The starting monomers may also be products from the oligomerization of low-molecular-mass isocyanates, these oligomerization products carrying isocyanate functional groups. In this case, it is unnecessary to separate the unconverted oligomer from the reaction product formed.
The work by the inventors, who are the authors of the present invention, has allowed them to discover that the polymerization of isocyanates of the type described above may be carried out with a high yield, and a substantially reduced coloration, by the combination of a catalyst of the type described below and a step in which the reactive gases dissolved in the reaction mixture, comprising the starting monomers on which the subsequent polymerization reaction is carried out, are removed.
The term “reactive gases” is understood to mean the gases capable of interfering with the catalytic reaction of polymerization, especially trimerization, as opposed to inert gases.
These are especially CO2, but also reactive gases from the air, that is to say the gases other than nitrogen and rare gases, especially oxygen, together with chlorine and possibly chlorinated volatile compounds coming especially from the phosgenation step.
The inventors have also determined that although the sensitivity of the reaction is influenced by the content of CO2 dissolved in the reaction mixture, other gases present, especially air, do have a substantial influence on the way the reaction evolves. Thus, the removal of the reactive gases greatly favors the trimerization reaction, even when the CO2 content of the starting monomers is as low as of the order of 1 to 2 ppm.
The inventors have also found that the content of chlorinated compounds, defined by the content of total chlorine, has only a minimal influence on the sensitivity of the reaction.
The reactive gases may be removed by any means known to those skilled in the art, especially by creating a vacuum, by diffusing in an inert gas or else by the use of molecular sieves or chemical traps, or a combination of one or more of these methods.
When the starting isocyanate monomers have been stored for a long time, generally more than two months, which results in an increase in the dissolved reactive gases, it is generally preferable to remove the dissolved reactive gases by subjecting the reaction mixture to a vacuum followed by the introduction of an inert gas.
The vacuum is generally less than 1×104 Pa (100 mbar).
When the starting monomers have been stored for a shorter time, the introduction by diffusion into the liquid reaction mixture of an inert gas is generally sufficient.
Advantageously, the inert gas is nitrogen or a rare gas, for example argon. The diffusion is carried out at a temperature of around 0 to 70° C. Higher temperatures may be used.
The diffusion may be carried out by sparging. However, the degassing is all the more effective as the size of the gas bubbles generated is small. For this purpose, the diffusion tools will be adapted so that the removal of the reactive gases is rapid, without causing the diffusion devices used to be clogged.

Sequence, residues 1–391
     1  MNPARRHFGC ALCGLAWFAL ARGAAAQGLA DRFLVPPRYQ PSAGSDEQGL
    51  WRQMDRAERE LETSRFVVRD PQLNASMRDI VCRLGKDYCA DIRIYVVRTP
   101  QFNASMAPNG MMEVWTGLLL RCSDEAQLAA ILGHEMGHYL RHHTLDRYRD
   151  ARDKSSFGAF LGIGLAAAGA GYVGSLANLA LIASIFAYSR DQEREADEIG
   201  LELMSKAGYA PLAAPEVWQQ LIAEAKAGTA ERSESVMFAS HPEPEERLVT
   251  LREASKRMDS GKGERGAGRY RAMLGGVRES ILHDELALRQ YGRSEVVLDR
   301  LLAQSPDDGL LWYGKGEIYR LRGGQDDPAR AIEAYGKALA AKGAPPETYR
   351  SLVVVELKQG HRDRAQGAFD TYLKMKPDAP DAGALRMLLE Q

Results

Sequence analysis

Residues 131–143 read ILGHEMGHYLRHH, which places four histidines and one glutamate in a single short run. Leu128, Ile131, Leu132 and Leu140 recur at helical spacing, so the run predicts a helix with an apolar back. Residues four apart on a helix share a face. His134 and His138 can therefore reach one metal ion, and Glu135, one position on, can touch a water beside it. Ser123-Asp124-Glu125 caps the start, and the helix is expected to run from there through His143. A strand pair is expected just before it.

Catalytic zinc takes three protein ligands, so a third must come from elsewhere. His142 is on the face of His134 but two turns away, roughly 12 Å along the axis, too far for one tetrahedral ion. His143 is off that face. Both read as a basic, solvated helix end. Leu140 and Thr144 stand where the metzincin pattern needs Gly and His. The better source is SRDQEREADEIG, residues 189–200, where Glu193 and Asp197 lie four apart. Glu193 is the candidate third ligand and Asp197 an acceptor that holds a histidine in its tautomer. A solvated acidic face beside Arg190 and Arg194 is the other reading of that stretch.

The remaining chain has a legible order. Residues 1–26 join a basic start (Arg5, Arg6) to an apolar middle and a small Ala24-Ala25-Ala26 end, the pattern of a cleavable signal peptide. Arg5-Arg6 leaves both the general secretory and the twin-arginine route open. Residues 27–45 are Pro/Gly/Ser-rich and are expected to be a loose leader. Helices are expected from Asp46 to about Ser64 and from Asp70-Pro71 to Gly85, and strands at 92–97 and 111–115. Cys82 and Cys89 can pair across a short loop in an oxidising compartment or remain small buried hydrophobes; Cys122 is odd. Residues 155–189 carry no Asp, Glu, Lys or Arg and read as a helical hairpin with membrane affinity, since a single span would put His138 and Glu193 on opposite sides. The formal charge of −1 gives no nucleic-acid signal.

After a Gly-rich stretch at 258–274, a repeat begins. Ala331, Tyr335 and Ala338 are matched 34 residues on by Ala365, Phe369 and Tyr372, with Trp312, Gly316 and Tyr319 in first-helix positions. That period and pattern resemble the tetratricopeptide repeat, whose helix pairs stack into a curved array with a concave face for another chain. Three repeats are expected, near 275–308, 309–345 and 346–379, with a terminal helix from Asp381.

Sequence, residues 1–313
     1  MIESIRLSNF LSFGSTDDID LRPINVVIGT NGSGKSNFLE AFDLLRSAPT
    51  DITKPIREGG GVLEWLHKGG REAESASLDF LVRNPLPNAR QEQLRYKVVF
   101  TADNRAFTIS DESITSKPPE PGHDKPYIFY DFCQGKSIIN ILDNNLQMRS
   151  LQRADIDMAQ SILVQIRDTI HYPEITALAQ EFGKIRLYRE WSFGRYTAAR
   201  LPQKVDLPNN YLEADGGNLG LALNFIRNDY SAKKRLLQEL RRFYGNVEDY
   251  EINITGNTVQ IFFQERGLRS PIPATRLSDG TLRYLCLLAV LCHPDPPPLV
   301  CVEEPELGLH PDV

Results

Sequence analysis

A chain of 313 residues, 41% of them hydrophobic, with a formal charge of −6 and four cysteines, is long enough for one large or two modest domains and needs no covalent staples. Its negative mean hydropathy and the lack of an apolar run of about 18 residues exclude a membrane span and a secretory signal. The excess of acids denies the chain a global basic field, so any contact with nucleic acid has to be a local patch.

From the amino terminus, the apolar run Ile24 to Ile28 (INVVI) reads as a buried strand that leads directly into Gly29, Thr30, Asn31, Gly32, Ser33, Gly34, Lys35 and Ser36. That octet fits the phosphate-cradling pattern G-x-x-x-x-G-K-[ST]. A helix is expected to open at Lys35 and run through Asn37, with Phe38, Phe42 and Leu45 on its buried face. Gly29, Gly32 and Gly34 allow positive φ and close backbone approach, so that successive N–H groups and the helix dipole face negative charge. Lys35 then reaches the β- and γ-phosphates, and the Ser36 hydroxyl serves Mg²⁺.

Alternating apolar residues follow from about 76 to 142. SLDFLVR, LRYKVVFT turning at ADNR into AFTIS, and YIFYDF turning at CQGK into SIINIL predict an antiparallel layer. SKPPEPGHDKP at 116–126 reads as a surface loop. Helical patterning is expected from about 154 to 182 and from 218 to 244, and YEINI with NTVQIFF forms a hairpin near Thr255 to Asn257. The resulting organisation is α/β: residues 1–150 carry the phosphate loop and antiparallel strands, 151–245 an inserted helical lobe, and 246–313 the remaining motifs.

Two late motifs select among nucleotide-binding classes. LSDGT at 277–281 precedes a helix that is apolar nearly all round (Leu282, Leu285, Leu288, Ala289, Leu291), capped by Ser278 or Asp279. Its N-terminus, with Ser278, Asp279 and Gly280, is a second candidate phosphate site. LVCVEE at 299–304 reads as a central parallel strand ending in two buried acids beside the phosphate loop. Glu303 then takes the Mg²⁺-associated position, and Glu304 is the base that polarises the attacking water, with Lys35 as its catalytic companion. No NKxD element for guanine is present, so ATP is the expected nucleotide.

The creation of a vacuum and/or the diffusion are carried out for a time long enough to lower the amount of reactive gases in the starting reaction mixture. In particular, degassing is considered to be proper when the dissolved CO2 is less than 20 ppm, and preferably less than 2 ppm.
The amount of CO2 and the content of gases other than CO2 are advantageously determined by conventional analytical techniques, especially by gas chromatography, using for standards profiles obtained with injections of variable volumes of pure CO2 and/or other pure gases.
The optimum degassing conditions also depend on the conditions under which the isocyanates are treated after they have been synthesized, in general by phosgenation, and on the storage conditions.
In particular, the degassing operation may be carried out after phosgenation of the amines, once the mixture has been purified and has stabilized, under the conditions below. If it is kept under proper conditions (in the dark, at a temperature below 30° C. in airtight and especially moisture-tight containers), the isocyanate monomer may be used in the trimerization process even after a prolonged stored period (two to four months, or longer).
However, to be sure of obtaining low coloration, it is preferable to treat the isocyanates stored for a long period, as described below.
Advantageous conditions for removing the quantities of dissolved reactive gases are, in the case of quantities of starting monomers of around 500 g, after they have been stored for a period of greater than two months, a vacuum of 15 mbar for a long enough time, generally one hour at room temperature, followed by diffusion of an inert gas, for example nitrogen, by sparging or the like into the liquid or the mass for about 30 minutes.
For starting monomers stored for a shorter period of time, simple diffusion of nitrogen, generally by sparging, for a time of 30 minutes at room temperature is sufficient, for the same quantity of starting monomers.
If the gas to be removed is highly acidic, that is to say has a pH value of less than 3 (Handbook, 67th Ed., p D-146 of Chemistry and Physics), it is preferable to carry out the degassing before the introduction of the catalyst, in order to prevent irreversible poisoning of the catalyst.
Conversely, when the gas to be removed is not highly acidic, in particular in the case of CO2, the degassing may be carried before or after the catalyst has been introduced and also during the step of trimerizing the starting isocyanates.
The inventors have also shown that the formulation of the catalyst also has an influence on the reaction kinetics. In particular, in the case of aqueous formulations, water reacts with the isocyanate to give biuret and CO2. The CO2 generated would result in a reduction in the reaction rate. This is why it is preferable to maintain continuous diffusion of inert gas when aqueous catalyst formulations are used.
This also makes it possible to use very small quantities of catalyst and avoids the successive introduction of small quantities of catalyst in order to maintain the reactivity.
Aqueous or hydroalcoholic formulations are preferred, on account of the solubility of oniums in these media before introduction into the reaction mixture, due to the hydrogen dissolved in these solutions.